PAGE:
For first time, govt admits to ‘some amount of intolerance’

  • HT Correspondent, Hindustan Times, New Delhi
  • Updated: Nov 30, 2015 23:29 IST
Parliamentary Affairs Minister Venkaiah Naidu speaks in Lok Sabha during the winter session of Parliament in New Delhi on Monday. (PTI)

The government on Monday conceded there was “some amount of intolerance” in the country even as the opposition turned on the heat in a fiery debate on the raging issue, potentially signaling the return of disruptions to Parliament.

The Lok Sabha was disrupted several times during the day after a Left lawmaker cited a news report to attribute a remark on the religion of the Prime Minister to Union home minister Rajnath Singh, who vehemently denied making the comment.

“I have never been hurt as much as I have been today in my entire parliamentary career. This is a huge allegation. He should prove it or apologise,” Singh said after CPI(M) MP Mohd Salim accused him of making the controversial statement to a news magazine.

Salim, however, admitted that the home minister was the first in the government to condemn the Dadri lynching incident.

After Salim refused to apologise, Speaker Sumitra Mahajan expunged his remark to facilitate resumption of the discussion.

Congress vice-president Rahul Gandhi is expected to intervene on Tuesday in the debate that remained inconclusive on Monday.

Prime Minister Narendra Modi, who has been criticised for his silence over the alleged attempts to muzzle dissenting voices, was not present in the House during the heated exchanges.

Modi is in France to attend the global climate summit. Congress president Sonia Gandhi is also away in the US.

Late in the evening, the magazine, Outlook, admitted it had erroneously attributed a remark made by late Ashok Singhal of the VHP to Rajnath Singh.

“Outlook deeply regrets the lack of diligence in verifying the source of the statement,” the magazine said in a tweet.

Salim had refused to withdraw his remarks, wondering why the government hadn’t rebutted the report in the magazine. It was a point echoed by the Trinamool Congress MP Saugata Roy as well.

Salim, however, admitted that the home minister was the first in the government to condemn the Dadri lynching incident.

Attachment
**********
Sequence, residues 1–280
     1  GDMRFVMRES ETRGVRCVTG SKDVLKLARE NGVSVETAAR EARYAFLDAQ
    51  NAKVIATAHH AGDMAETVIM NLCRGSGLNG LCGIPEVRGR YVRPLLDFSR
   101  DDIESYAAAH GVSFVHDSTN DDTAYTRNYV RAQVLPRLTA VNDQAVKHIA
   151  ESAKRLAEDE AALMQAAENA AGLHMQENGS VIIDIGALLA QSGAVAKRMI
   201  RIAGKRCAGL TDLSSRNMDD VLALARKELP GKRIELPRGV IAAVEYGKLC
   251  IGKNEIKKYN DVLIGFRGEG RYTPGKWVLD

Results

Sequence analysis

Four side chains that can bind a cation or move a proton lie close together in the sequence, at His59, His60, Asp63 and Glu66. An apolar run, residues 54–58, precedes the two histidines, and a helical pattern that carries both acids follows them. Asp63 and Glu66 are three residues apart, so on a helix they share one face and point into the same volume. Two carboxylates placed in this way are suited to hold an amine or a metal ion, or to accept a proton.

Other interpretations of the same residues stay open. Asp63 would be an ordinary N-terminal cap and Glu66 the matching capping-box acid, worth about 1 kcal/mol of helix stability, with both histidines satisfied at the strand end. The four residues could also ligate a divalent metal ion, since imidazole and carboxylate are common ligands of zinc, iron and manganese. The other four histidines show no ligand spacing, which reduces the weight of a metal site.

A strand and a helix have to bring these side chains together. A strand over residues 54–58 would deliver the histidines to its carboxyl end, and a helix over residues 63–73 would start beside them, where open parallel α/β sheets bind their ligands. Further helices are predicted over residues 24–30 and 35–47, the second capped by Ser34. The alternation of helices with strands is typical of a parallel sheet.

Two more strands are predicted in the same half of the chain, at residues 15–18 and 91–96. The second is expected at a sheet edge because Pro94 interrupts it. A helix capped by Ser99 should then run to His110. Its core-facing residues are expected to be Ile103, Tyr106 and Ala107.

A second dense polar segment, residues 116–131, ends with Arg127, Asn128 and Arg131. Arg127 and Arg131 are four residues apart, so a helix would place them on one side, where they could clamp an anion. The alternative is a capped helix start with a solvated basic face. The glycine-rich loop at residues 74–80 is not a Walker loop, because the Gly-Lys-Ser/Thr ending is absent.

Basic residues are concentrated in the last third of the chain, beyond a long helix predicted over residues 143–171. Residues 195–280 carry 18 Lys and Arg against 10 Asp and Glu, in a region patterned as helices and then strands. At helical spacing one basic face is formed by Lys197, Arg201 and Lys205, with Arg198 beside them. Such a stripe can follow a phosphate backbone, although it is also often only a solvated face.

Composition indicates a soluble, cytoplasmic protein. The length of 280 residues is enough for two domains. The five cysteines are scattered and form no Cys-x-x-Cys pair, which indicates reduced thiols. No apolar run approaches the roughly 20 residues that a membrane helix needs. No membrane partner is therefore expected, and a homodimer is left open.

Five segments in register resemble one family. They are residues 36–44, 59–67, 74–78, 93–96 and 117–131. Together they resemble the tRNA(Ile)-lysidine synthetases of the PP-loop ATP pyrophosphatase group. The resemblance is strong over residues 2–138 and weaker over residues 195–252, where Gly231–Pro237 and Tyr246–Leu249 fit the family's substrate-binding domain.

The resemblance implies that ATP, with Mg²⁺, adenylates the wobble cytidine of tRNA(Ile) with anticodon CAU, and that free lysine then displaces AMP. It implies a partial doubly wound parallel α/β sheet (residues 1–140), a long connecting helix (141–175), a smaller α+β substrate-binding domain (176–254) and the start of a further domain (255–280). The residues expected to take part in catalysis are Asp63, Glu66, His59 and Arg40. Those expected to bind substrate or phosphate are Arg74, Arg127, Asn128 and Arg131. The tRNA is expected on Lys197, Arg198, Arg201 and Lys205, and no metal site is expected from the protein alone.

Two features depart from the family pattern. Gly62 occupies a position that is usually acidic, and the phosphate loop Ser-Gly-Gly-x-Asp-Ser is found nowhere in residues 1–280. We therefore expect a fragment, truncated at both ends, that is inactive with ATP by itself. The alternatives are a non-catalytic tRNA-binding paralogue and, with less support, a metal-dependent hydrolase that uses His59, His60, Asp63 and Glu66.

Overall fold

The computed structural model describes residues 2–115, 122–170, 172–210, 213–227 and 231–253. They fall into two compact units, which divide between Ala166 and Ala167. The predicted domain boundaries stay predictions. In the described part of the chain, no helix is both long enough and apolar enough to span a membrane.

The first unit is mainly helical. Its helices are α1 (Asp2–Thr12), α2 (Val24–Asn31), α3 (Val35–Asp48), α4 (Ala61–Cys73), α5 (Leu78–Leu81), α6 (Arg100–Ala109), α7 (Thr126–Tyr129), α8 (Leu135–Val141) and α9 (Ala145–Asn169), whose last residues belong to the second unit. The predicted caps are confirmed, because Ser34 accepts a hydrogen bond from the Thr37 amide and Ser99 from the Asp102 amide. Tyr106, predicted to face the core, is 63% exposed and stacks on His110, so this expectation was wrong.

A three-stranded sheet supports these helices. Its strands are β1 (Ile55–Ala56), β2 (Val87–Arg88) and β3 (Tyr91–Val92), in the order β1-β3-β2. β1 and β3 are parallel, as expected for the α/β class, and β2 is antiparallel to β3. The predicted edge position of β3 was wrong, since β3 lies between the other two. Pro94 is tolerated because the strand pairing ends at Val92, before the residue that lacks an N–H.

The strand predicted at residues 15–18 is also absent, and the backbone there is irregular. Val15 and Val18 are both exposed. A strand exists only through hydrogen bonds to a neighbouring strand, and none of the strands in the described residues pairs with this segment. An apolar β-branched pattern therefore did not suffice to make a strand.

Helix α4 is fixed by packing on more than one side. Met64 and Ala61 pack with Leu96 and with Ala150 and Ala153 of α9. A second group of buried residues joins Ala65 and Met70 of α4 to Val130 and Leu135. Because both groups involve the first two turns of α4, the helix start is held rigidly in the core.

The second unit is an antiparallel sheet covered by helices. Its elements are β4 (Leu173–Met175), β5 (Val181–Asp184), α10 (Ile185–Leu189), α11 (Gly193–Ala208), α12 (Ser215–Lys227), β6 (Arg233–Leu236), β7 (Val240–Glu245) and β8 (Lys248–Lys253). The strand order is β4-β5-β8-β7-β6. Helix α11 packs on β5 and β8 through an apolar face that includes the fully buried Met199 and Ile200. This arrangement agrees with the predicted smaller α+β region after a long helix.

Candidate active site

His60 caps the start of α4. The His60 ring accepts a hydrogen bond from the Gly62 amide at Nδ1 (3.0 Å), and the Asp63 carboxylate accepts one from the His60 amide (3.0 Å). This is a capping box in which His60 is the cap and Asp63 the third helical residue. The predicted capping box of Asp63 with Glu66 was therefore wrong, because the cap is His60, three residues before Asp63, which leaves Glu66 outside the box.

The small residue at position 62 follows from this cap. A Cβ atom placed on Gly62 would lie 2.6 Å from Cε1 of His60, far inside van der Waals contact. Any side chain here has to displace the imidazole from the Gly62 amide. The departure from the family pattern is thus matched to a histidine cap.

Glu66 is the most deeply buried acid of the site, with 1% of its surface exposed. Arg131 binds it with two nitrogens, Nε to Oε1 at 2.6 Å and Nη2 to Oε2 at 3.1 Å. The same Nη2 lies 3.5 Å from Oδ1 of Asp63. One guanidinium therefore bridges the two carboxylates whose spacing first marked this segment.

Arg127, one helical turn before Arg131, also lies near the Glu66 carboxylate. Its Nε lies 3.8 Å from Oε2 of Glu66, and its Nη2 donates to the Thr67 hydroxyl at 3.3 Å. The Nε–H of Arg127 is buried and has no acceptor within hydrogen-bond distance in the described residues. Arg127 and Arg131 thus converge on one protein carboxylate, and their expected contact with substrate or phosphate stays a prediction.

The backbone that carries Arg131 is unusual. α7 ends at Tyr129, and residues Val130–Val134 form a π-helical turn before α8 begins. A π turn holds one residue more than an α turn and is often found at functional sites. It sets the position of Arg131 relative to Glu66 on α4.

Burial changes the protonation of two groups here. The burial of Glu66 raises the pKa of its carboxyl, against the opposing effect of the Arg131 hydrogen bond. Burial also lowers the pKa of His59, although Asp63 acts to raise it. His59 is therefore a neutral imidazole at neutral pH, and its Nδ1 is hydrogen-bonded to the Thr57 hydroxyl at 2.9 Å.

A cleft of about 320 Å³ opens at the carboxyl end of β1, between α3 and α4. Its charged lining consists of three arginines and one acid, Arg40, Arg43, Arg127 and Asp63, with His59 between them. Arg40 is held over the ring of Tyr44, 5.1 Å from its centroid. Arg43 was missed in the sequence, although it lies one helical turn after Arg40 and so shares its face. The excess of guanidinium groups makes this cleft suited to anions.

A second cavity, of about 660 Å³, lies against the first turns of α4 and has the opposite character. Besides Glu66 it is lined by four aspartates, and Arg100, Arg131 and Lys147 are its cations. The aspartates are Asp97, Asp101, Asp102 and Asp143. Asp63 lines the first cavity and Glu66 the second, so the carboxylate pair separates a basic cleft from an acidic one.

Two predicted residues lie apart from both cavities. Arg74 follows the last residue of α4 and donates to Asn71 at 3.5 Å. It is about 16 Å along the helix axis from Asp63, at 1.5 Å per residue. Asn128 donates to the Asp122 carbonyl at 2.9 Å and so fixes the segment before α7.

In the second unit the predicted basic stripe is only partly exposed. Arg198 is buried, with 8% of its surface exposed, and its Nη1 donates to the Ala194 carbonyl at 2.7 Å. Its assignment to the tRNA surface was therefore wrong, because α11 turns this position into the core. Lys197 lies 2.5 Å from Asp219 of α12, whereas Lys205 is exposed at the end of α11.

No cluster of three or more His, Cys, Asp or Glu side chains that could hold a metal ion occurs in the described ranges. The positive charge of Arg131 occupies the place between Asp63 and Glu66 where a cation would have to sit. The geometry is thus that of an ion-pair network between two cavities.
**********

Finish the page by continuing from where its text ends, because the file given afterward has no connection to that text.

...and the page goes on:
“A home minister who makes such a statement has no moral right to be the home minister,” Singh said in his spirited reply to the allegation. “I speak after weighing every word...People know Rajnath Singh can never make such a statement.”

In the Rajya Sabha – where MPs were participating in a discussion on the commitment to India’s Constitution – however, had a smooth run.

“There is some amount of intolerance in the society in different areas. It has to be localised and dealt with firmly. Instead of that, we are trying to generalise and then, in turn, it shows India in a poor light,” parliamentary affairs minister M Venkaiah Naidu said, veering away from the government’s earlier assertions that the Centre could not be held responsible for stray incidents in states.

Naidu, however, stressed that the incidents of intolerance had not happened overnight and had been continuing.

Before the disruptions, Salim had mocked the government saying it is not its job to see what was cooking in the kitchen but to ensure that everyone has food to cook.

BJP MP Meenakshi Lekhi responded by hitting out at the “so-called intellectuals” who had returned awards. “These were probably the rewards for political considerations and not the awards, which were genuinely sought,” she said.

The debate comes two days after Modi met Sonia Gandhi and former PM Manmohan Singh, setting aside a history of mutual bitterness amid signs that the government is reaching out to the opposition to avoid a repeat of the monsoon session washout.

Much is at stake in the month-long winter session as the government has lined up an ambitious list of bills led by the goods and services tax bill, a landmark tax reform initiative.

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